If an agreement is not reached through mediation, the mediator will move the impasse process to a three-member fact-finding team that will recommend non-binding solutions.
Glendale Unified officials have projected an $18.5-million deficit in 2011-12, and state laws require school districts to maintain balanced budgets for three consecutive years. For the first time in recent memory, the district filed a “qualified” budget with the Los Angeles County Office of Education, which is an admission that the district might not meet its financial obligations. That, in turn, triggers increased regulation and oversight.
By 2012-13, district officials project a more than $50-million deficit, which does not include recently enacted cost-cutting measures, like increased elementary class sizes or fee-based summer school.
“The issue is, it’s the long-term financial viability of this district,” said John Garcia, district assistant superintendent for human resources. “A significant piece of addressing that budget shortfall has to come through negotiations with employee groups.”
Glendale Unified officials have sought to save an annual $3.8 million through negations with the teachers union, preferring a cap on health benefits. Teachers union leaders said a survey of their membership indicated changes to their health-care package were unacceptable.
“One of the main issues continues to be cost containment on a health benefits plan that, because it is fully funded by the district, is not sustainable,” Garcia said. “In an economic climate where the state is taking revenues away from the district, that expense is no longer sustainable.”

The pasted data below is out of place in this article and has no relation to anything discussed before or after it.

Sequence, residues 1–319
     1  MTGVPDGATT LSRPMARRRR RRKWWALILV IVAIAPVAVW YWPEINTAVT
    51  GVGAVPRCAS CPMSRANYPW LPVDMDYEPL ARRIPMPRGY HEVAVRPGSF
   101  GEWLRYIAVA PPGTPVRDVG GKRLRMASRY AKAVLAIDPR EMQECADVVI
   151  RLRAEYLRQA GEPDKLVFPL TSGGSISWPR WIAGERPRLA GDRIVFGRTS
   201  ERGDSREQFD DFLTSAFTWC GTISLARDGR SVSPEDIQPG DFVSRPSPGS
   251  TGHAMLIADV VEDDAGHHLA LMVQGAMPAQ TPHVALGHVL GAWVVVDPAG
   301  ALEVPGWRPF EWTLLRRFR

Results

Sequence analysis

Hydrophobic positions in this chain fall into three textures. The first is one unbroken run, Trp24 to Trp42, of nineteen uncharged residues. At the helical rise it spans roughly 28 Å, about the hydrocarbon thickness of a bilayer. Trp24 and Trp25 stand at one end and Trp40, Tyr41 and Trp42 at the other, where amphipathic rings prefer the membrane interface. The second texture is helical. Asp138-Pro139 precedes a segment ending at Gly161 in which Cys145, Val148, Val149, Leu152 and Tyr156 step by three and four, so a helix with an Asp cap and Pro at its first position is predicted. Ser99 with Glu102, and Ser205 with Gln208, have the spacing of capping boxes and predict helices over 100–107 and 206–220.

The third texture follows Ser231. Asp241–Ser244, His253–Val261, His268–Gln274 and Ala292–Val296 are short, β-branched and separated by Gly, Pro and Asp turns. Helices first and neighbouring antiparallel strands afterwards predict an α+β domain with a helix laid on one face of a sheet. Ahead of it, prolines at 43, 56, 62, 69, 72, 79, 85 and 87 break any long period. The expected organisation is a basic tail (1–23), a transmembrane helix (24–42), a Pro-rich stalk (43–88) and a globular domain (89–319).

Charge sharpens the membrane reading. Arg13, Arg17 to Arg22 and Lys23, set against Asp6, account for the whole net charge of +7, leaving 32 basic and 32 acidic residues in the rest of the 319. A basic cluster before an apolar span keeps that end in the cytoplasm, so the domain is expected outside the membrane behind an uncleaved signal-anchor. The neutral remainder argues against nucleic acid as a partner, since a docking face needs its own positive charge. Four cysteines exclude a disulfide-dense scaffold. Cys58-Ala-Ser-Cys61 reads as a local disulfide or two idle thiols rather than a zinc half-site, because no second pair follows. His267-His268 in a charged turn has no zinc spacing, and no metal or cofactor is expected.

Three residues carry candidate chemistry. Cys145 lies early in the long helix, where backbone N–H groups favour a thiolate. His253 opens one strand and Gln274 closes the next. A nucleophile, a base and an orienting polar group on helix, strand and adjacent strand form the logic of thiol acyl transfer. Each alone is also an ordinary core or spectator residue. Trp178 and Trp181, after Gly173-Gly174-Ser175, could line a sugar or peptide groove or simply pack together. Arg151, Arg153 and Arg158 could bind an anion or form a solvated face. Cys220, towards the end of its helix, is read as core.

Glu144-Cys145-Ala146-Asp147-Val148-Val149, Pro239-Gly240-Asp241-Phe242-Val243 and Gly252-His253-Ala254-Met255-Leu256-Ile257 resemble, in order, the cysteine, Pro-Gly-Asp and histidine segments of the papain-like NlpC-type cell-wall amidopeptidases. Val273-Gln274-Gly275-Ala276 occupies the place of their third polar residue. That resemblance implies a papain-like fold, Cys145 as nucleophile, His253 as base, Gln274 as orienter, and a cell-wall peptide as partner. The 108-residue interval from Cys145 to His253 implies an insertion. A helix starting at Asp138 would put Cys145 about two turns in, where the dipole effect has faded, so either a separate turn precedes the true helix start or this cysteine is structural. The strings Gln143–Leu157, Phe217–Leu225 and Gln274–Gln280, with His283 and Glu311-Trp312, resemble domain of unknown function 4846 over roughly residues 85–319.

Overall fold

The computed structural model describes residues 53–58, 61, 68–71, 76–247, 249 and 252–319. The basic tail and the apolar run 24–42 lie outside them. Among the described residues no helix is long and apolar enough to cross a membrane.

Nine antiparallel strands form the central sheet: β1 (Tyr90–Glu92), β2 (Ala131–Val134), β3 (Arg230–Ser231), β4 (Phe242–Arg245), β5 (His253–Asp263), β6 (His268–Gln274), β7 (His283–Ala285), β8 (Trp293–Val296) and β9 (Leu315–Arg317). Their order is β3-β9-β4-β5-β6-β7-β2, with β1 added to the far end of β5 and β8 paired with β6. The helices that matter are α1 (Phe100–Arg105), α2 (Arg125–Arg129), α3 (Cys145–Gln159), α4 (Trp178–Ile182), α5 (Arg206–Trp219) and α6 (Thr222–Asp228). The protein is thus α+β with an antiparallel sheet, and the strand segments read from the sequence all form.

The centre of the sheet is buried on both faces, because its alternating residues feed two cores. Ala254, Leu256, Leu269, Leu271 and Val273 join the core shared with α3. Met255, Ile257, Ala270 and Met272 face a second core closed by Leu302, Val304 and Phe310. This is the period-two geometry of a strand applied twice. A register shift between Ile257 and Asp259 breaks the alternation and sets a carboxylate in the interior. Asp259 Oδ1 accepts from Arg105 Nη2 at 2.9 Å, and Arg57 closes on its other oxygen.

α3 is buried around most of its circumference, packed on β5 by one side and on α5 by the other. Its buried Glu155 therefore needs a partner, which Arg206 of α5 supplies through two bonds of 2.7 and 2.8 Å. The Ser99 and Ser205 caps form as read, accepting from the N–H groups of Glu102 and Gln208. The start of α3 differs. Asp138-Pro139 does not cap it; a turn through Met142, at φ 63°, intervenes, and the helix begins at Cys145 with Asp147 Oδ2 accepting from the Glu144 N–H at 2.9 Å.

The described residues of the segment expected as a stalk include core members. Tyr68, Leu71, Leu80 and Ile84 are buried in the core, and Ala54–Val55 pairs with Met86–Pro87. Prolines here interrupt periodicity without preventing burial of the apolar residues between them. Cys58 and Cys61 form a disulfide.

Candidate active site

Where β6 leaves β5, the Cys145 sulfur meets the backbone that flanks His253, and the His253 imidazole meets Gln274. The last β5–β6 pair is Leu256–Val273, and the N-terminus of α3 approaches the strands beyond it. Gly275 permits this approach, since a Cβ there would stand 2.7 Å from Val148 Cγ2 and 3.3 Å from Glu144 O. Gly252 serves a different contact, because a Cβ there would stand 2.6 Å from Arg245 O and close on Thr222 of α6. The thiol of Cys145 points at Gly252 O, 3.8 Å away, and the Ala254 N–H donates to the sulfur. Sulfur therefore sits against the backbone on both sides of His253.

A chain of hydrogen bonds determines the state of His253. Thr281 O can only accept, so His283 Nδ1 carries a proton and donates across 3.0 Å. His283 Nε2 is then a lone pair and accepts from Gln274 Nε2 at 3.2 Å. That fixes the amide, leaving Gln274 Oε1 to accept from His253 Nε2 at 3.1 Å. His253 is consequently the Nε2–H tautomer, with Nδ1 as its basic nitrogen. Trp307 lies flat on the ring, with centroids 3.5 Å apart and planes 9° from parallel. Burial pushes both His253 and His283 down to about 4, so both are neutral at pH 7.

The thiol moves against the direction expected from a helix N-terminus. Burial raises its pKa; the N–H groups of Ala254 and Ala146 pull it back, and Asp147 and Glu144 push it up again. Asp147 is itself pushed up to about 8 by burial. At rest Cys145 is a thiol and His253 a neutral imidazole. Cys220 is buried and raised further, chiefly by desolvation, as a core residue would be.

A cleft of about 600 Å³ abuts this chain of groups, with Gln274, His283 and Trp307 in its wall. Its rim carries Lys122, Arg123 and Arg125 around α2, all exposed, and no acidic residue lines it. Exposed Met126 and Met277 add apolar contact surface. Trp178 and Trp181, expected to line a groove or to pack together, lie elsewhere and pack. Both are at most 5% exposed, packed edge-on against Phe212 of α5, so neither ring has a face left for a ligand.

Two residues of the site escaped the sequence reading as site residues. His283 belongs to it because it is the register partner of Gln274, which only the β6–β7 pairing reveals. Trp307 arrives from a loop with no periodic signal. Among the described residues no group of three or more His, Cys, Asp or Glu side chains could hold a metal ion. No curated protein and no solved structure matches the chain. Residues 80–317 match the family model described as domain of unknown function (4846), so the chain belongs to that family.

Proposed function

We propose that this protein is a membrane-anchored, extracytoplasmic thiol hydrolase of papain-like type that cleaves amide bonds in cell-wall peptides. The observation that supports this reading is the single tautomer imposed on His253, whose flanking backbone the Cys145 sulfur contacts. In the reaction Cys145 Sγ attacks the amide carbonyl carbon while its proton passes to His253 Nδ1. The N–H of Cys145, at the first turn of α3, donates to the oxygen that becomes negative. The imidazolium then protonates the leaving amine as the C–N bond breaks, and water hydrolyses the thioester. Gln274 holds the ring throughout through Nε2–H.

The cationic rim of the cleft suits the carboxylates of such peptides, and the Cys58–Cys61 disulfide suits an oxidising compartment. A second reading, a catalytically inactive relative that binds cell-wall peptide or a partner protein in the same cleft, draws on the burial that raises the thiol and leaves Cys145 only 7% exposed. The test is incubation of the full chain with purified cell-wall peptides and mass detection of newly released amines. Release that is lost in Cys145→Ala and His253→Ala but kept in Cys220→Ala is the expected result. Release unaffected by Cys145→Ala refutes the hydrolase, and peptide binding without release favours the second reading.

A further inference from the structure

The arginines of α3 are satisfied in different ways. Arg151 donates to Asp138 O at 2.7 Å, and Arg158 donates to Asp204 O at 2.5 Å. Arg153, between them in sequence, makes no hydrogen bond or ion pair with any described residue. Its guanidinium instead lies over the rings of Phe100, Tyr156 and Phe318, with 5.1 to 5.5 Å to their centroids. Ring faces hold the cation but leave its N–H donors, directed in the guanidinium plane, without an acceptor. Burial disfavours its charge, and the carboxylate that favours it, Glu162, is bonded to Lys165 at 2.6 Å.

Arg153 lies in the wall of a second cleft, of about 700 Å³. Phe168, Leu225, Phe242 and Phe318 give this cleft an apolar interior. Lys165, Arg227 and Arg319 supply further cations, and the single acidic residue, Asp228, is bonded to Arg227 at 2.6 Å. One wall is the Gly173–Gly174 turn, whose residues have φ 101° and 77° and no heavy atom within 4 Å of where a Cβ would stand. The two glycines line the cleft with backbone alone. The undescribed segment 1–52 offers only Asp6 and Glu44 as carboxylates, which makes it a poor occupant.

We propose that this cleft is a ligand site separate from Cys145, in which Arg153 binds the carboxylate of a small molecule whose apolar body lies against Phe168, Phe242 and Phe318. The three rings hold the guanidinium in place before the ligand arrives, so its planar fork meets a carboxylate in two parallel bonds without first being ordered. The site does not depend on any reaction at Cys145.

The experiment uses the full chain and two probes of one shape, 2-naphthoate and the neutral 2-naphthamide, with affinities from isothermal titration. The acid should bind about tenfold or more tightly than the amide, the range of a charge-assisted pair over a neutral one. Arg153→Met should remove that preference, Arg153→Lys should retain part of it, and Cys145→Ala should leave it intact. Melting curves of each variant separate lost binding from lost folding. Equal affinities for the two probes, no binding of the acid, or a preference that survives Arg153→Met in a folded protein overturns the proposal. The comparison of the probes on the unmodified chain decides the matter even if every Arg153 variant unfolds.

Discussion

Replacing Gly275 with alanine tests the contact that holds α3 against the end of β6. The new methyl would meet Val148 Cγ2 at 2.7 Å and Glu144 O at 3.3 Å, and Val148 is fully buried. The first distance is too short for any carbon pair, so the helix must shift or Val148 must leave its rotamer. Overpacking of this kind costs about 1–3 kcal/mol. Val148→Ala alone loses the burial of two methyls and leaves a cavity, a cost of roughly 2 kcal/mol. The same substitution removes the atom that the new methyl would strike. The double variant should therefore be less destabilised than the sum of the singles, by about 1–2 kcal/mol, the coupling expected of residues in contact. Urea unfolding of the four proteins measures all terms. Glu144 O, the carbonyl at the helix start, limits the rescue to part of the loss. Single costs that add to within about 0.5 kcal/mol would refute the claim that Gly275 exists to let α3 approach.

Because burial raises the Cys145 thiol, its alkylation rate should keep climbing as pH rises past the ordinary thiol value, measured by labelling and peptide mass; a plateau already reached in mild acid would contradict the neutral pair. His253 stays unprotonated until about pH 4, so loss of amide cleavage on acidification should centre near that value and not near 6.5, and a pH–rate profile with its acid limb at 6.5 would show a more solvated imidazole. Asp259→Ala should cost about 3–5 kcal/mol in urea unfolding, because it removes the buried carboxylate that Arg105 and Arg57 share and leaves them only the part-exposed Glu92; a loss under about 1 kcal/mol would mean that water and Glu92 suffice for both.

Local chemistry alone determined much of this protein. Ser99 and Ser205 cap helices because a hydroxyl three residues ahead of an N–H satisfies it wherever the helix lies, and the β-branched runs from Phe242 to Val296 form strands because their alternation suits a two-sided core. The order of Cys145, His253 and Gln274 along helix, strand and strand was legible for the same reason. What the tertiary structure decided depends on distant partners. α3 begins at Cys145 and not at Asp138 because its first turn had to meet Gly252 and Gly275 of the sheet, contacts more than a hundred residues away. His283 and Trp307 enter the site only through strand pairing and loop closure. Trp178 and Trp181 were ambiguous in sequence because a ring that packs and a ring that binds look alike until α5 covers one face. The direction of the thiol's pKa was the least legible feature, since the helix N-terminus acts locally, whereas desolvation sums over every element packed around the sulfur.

Union leaders have maintained that changes to their fully funded health benefits are untouchable because Glendale teachers are paid below average compared to other districts in Los Angeles County.
“We have voluntarily offered up a lot of pain to cover their financial problem,” said Steve Field, treasurer for the Glendale Teachers Assn. “They always come back at the last minute with the cap. The cap would be off the table all day long and then they’d . . . come back and say ‘Oh, the cap’s back.’”
Health-care costs have historically risen 10% annually, and recent moves by state legislators indicate that school districts will not receive a cost of living adjustment, which typically offsets structural costs, like health benefits.
“The issue continues to be, how do we get cost containment?” Garcia said.